Atticus finally has some calmer, more tender moments with his father. Montrose tells Atticus about how his pastor was caught having sex with another man and was taken away in front of the church congregation when Montrose was 8 years old. The pastor was sent to an asylum and lobotomized, and Montrose didn’t want that to be his future. Montrose decided to have a family instead, telling Atticus that he had “desires” but “never acted on them.” After their vulnerable conversation, Montrose helps Atticus with the spell, saying the words aloud, acknowledging that his intentions are to protect his son and future grandson. After the spell is said aloud, nothing seems to happen.
While all of our adult characters deal with their respective stories, Dee has a horrific day of her own. In the aftermath of Bobo’s killing, the South Side shuts down for his funeral — we know that, historically, Mamie Till insisted on an open casket so that people would see the violence inflicted upon her son. Overwhelmed, Dee flees when no one is looking. Outside of some closed storefronts, she is stopped by Captain Lancaster and another police officer. They’ve found her comic next to the dead officer in Kansas and want to know where her mother is. Heartbreakingly, when asked what she knows about magic, she responds, “Fantasy books?” — she’s been left in the dark the most out of our protagonists about the secret world bubbling beneath the surface. The officers put a spell on her, using Captain Lancaster’s spit. It’s gross and it prevents her from speaking to anyone else about what they discussed. She’s been silenced by the adults around her yet again.
With the spell comes a set of ghouls to haunt her. Two figures (named Topsy and Bopsy in the credits) come to life, inspired by the cover of Uncle Tom’s Cabin she sees in their apartment (and, likely, Topsy-Turvy dolls). It’s an unsettling introduction to the magic for her. These characters represent a distorted caricature of Black youth, embodying the hate of the world around her, an extension of anti-Blackness that had her best friend killed. “What happens if it gets me?” she asks the captain after biking to the police precinct.
Thankfully, we finally get to see Dee take control of her own narrative, and she puts up a fight against these monstrosities on par with the adults. She waits for Topsy and Bopsy to come for her, brandishing a metal pipe as a weapon. Before they arrive, she begins to draw them, pages and pages of their imagery. She can’t speak about them, but she can use her comic skills to let people know what’s happening. Montrose walks in on her screaming and fighting what looks to him like nothing. We see blood spatter onto her white dress, and her arm starts to gash and bleed. What happens if they get her?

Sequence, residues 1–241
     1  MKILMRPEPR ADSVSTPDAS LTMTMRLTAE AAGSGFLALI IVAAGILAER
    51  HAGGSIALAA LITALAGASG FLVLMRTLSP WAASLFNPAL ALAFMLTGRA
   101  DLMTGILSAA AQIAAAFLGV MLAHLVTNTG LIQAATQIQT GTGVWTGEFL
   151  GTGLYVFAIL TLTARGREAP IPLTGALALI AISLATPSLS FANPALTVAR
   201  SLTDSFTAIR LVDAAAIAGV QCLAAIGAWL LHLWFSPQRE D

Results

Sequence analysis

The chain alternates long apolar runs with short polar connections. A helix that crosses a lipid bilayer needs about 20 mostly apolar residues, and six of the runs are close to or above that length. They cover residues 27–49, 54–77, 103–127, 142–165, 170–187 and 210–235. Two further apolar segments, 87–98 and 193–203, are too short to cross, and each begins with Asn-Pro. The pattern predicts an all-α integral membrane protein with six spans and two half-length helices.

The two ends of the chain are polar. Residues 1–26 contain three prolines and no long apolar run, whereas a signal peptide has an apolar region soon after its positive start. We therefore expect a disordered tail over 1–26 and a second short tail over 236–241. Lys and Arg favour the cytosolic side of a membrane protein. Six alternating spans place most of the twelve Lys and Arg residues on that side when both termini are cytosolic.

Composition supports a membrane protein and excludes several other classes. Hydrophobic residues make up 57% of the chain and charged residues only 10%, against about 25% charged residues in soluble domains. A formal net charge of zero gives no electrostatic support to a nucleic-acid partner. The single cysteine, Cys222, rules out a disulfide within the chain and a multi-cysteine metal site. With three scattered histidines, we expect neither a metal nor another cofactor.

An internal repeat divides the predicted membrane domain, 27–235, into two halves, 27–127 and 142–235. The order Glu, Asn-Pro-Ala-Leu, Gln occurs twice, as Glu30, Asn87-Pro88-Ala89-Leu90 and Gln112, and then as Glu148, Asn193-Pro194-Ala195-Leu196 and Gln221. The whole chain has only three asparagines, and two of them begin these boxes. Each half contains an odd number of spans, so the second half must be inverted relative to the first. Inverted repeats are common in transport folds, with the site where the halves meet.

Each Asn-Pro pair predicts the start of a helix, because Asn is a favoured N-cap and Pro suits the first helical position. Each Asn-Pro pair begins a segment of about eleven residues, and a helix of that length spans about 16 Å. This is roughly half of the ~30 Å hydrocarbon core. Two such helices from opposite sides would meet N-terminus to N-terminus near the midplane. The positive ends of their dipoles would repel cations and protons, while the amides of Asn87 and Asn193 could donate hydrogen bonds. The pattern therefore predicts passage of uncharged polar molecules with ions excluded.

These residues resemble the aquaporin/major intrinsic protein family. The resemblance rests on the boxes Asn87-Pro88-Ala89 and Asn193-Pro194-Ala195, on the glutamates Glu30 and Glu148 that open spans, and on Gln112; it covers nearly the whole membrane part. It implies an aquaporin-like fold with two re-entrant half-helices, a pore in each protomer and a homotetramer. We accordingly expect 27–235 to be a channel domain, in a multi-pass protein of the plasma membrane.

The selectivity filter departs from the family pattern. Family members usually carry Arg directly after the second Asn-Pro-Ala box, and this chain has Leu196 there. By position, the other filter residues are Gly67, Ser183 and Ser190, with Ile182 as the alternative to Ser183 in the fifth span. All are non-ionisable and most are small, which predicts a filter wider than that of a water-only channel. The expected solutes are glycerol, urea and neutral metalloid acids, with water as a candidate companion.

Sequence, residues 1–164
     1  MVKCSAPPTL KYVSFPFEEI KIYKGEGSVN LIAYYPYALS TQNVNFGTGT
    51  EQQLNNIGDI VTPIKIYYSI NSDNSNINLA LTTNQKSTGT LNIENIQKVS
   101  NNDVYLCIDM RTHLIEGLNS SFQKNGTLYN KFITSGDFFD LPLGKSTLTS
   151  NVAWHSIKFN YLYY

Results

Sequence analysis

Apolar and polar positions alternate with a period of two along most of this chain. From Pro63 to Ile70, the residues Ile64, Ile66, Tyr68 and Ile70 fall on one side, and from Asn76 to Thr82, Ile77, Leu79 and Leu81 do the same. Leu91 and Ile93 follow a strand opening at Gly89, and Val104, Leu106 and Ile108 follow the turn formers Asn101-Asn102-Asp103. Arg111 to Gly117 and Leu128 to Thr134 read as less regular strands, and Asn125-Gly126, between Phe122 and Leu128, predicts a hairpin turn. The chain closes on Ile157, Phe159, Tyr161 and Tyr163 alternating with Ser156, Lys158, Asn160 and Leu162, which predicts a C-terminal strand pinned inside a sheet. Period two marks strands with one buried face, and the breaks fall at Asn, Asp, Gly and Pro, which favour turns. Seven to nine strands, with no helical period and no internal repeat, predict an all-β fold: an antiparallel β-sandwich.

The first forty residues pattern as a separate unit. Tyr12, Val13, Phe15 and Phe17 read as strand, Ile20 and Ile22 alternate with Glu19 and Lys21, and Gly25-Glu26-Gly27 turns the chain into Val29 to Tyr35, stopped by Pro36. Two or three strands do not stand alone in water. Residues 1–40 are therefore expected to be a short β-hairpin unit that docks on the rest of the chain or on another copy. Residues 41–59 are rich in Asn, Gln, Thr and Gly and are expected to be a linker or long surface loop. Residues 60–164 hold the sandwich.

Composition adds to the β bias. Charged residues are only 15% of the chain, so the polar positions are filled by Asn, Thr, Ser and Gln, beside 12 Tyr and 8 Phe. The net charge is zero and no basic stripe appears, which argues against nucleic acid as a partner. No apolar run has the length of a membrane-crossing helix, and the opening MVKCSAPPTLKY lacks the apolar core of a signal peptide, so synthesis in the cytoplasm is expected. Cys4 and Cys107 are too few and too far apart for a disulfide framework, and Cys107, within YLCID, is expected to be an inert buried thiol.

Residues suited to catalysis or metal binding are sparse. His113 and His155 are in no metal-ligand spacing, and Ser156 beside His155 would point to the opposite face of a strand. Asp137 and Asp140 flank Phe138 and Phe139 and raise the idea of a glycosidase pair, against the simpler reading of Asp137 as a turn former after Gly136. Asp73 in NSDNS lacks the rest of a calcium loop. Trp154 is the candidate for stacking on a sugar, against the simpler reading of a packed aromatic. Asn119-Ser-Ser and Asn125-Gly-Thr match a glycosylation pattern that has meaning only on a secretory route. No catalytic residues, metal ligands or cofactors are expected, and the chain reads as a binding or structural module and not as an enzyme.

The episode ends quite gloriously once Captain Lancaster and a legion of cops show up at Leti’s house wanting to obtain the orrery. Leti, now invulnerable, realizes that their bullets can’t hurt her; they bounce off an invisible force-field around her. When Tic shows up outside, she runs out the door and toward him knowing that the police officers might try to shoot him. She isn’t quick enough to beat the bullet, but before the bullet can strike him, a shoggoth (one we haven’t seen before) erupts from the road below. This black shoggoth proceeds to maim and kill all of the officers. It’s bloody carnage of the police that have been tailing our characters the entire season. When it’s finished, it looks as if the creature might try to kill Atticus and Leti too, but it stops at Atticus’s raised hand — it wants to be pet. The spell did work. Atticus has finally used some magic of his own.
• Christina: “Good luck, cousin.”
• This is the first episode that holds all of our characters’ story threads together at once. It’s busy but it works in that it highlights how Dee has fallen through the cracks and is ignored (and it takes pressure off the Bobo story line). I’m hoping Dee’s okay after all this.
• Hippolyta, despite hinting that she’d be returning last episode, isn’t back in Chicago. Not only did she not go through the portal with Atticus at the end of last week’s episode, but she didn’t rematerialize in Chicago either. Did she decide to stay after all? Is she stuck there, due to a broken machine?
• We see Ruby transform into Hillary for the first time, rather than just out of her. It’s an interesting visual!
• Dee: “Yeah, I know what an orrery is.”
• Also Dee: “Fuck you, pig!”
• Still Dee: “… And it fucking stinks in here!”
• Atticus on the copy of Lovecraft Country he received inside the portal: “Some of the details are different … Christina’s a man, Uncle George survives Ardham, and Dee’s a boy named Horace.” This is a nod to the IRL novel. Notably, Atticus says a hooded woman gave the book to him amid white people rioting.
• The audio played after Dee leaves the precinct is from Naomi Wadler’s speech at the March for Our Lives rally in 2018.
• Leti’s wince after Ji-Ah talking about her lovers, and thus Tic, climaxing … lololol
• The FLYING cop flung by the shoggoth at the end made me laugh.
• Gaywatch: Christina to Ruby: “But that’s not what I saw when I was fucking you.”